From the same folks who brought you the Jazz Icons series comes another fine example of European TV documenting American music better than anyone did in this country. This time it’s the Stax/Volt revue in Oslo, Norway, of all places, and it’s another good one. The black and white program shares the exceptional visuals of the jazz DVDs, though the sound is a little more hit or miss—perhaps because it’s mostly electric instruments, so the mix was trickier for the Norwegian engineers. There are definitely sporadic level and balance issues, but mostly it sounds quite good.
And it’s a strong program musically. It opens with a couple of tunes from Booker T. & the MGs, who are the house band for the show, and they lay down a great foundation for what’s to come. I always forget how good Steve Cropper was—certainly he was light years ahead of most conventional rock guitarists in 1967 in terms of both technique and taste. But all the players are top-notch. After the MGs cook up some “Green Onions,” the Mar-Keys horn section comes out for a couple of numbers and then you’ve got the Memphis Sound completed. The middle part of the concert is devoted to rave-ups by Arthur Conley (“Sweet Soul Music,” complete with tributes to other contemporary soul stars) and Eddie Floyd “Raise Your Hand,” but not “Knock on Wood”? What’s that all about?), and both of them spend a lot of time getting the crowd into it, bringin’ it up and takin’ it down; showman stuff. But then the last third really kicks into overdrive. Sam and Dave bring some much-appreciated harmony singing to the proceedings (as well as some fine dance moves) over the course of four songs, and then the great Otis Redding wraps things up with an electrifying five-song set of hits—two months before his historic appearance at Monterey Pop (and nine months before his death), Otis is definitely on top of his game. He doesn’t work the crowd like Sam & Dave do, but he’s still in complete control; what a singer!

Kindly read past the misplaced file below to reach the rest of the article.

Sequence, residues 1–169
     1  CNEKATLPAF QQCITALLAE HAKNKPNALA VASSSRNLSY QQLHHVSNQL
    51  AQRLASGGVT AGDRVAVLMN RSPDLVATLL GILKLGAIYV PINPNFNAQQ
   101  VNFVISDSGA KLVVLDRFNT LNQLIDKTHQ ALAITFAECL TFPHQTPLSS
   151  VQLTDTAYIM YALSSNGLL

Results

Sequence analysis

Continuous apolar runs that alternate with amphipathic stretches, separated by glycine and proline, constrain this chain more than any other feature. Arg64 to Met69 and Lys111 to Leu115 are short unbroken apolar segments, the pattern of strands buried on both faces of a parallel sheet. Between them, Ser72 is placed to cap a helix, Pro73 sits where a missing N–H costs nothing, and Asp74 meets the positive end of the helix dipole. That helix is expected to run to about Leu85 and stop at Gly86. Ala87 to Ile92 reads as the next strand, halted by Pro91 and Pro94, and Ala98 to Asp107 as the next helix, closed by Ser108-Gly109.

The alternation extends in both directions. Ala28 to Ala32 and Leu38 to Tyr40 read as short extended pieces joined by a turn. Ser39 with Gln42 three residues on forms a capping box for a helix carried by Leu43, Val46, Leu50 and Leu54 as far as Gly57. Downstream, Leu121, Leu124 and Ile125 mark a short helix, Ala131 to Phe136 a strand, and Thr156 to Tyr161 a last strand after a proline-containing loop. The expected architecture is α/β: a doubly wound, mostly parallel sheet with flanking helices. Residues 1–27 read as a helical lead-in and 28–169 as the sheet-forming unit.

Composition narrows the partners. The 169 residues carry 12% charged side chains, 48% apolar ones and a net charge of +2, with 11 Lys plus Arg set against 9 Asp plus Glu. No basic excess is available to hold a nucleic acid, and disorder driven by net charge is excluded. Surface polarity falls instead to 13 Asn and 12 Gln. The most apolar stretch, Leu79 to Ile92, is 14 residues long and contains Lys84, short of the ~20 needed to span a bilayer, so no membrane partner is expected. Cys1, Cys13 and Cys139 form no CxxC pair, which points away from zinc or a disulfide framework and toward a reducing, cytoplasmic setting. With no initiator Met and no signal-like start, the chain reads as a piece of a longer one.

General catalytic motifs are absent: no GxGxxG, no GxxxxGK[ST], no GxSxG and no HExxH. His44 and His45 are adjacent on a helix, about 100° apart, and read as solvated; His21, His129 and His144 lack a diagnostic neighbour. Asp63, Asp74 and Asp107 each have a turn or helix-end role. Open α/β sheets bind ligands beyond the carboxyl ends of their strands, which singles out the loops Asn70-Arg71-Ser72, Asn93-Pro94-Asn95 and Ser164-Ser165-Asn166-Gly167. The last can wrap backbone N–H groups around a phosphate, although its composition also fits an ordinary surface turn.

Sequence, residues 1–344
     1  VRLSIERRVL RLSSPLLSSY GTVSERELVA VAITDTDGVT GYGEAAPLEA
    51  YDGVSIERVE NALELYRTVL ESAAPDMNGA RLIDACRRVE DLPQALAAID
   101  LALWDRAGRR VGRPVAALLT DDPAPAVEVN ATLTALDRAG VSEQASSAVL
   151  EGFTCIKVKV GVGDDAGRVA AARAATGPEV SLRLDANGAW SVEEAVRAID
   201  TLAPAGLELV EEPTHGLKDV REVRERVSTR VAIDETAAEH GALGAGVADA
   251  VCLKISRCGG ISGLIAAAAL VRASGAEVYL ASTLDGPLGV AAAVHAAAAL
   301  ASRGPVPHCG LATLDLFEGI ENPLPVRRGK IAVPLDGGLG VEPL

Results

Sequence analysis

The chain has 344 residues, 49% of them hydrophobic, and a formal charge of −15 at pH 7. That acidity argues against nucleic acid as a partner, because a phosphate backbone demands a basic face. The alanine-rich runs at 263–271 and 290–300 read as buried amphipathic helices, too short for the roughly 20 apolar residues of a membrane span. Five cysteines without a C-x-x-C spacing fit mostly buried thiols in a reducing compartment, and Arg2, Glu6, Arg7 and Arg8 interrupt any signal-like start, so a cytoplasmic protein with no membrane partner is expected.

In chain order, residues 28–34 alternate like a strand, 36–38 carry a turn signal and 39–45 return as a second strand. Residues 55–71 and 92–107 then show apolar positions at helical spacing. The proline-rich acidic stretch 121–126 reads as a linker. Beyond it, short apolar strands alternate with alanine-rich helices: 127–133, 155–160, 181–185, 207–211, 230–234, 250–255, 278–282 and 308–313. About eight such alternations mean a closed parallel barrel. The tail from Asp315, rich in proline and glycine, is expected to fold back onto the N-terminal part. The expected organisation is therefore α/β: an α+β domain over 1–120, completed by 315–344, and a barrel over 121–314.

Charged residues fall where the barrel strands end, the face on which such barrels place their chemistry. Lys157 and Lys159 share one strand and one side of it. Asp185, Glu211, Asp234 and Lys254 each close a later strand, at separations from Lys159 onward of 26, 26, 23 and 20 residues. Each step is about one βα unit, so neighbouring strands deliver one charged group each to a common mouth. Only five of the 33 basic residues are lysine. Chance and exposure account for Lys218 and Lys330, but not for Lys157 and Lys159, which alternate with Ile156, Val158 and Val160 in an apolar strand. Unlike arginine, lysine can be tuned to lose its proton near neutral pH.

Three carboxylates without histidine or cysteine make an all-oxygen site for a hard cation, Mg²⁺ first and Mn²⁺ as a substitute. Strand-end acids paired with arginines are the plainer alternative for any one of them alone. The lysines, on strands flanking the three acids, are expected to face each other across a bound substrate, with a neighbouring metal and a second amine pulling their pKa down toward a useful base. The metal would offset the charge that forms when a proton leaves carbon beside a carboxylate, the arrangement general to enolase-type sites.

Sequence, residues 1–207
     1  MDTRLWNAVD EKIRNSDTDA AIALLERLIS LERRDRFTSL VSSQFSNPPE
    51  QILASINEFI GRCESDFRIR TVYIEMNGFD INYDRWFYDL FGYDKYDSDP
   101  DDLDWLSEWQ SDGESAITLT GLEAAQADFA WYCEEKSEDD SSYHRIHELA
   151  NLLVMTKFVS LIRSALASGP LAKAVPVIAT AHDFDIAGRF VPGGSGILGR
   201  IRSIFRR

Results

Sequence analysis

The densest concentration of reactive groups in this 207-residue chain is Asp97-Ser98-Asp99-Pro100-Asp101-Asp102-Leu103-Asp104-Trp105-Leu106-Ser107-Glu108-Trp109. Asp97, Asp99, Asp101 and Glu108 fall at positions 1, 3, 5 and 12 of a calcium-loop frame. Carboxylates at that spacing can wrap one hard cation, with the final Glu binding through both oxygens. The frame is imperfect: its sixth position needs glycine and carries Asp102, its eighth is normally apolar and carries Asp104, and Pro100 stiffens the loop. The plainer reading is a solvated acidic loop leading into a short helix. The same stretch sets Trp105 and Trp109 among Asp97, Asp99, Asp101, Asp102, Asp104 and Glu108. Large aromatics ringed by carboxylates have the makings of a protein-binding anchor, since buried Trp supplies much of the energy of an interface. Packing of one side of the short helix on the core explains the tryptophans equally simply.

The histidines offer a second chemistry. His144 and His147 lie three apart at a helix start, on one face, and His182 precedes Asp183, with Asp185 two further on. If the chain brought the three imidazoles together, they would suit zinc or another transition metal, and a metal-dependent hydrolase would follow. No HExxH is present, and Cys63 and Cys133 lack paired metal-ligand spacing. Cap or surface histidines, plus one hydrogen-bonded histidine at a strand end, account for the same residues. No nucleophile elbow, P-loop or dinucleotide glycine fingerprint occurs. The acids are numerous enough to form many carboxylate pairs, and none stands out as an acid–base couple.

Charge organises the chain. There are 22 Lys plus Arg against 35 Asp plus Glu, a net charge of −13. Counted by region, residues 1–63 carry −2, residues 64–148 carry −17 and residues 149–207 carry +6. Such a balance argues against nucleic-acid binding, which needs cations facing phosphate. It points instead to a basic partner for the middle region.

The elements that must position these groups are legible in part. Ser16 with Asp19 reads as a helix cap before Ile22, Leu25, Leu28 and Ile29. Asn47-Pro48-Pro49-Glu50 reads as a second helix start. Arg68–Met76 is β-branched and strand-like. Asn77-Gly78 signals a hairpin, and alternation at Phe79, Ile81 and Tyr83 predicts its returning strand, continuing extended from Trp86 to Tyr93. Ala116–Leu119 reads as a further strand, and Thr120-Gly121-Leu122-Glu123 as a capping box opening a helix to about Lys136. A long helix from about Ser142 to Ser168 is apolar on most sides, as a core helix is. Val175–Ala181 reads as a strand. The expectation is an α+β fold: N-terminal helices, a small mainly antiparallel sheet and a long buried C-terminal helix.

Bonus features include commentary from Steve Cropper and others, a look back at the tour, and the usual fantastically informative liner notes, this time by Rob Bowman.